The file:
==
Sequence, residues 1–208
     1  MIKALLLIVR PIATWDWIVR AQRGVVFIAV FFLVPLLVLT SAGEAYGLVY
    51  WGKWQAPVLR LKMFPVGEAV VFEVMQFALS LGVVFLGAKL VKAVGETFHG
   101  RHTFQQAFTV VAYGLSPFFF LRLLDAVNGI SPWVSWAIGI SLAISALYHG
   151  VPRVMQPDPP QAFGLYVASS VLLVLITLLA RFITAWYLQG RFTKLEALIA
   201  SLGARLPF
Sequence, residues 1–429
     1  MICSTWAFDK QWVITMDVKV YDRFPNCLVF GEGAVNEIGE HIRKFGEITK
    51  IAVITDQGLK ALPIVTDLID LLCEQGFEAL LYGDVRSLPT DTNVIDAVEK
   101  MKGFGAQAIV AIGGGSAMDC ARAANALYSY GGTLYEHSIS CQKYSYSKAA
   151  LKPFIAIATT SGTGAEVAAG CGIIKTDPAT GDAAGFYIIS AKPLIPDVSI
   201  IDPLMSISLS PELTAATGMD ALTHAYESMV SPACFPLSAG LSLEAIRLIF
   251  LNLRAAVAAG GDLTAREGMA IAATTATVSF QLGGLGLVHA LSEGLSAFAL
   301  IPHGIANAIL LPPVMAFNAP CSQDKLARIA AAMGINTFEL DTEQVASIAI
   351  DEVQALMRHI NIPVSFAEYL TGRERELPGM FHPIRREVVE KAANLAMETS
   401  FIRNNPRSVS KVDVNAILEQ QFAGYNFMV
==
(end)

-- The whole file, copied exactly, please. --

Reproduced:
Sequence, residues 1–208
     1  MIKALLLIVR PIATWDWIVR AQRGVVFIAV FFLVPLLVLT SAGEAYGLVY
    51  WGKWQAPVLR LKMFPVGEAV VFEVMQFALS LGVVFLGAKL VKAVGETFHG
   101  RHTFQQAFTV VAYGLSPFFF LRLLDAVNGI SPWVSWAIGI SLAISALYHG
   151  VPRVMQPDPP QAFGLYVASS VLLVLITLLA RFITAWYLQG RFTKLEALIA
   201  SLGARLPF
Sequence, residues 1–429
     1  MICSTWAFDK QWVITMDVKV YDRFPNCLVF GEGAVNEIGE HIRKFGEITK
    51  IAVITDQGLK ALPIVTDLID LLCEQGFEAL LYGDVRSLPT DTNVIDAVEK
   101  MKGFGAQAIV AIGGGSAMDC ARAANALYSY GGTLYEHSIS CQKYSYSKAA
   151  LKPFIAIATT SGTGAEVAAG CGIIKTDPAT GDAAGFYIIS AKPLIPDVSI
   201  IDPLMSISLS PELTAATGMD ALTHAYESMV SPACFPLSAG LSLEAIRLIF
   251  LNLRAAVAAG GDLTAREGMA IAATTATVSF QLGGLGLVHA LSEGLSAFAL
   301  IPHGIANAIL LPPVMAFNAP CSQDKLARIA AAMGINTFEL DTEQVASIAI
   351  DEVQALMRHI NIPVSFAEYL TGRERELPGM FHPIRREVVE KAANLAMETS
   401  FIRNNPRSVS KVDVNAILEQ QFAGYNFMV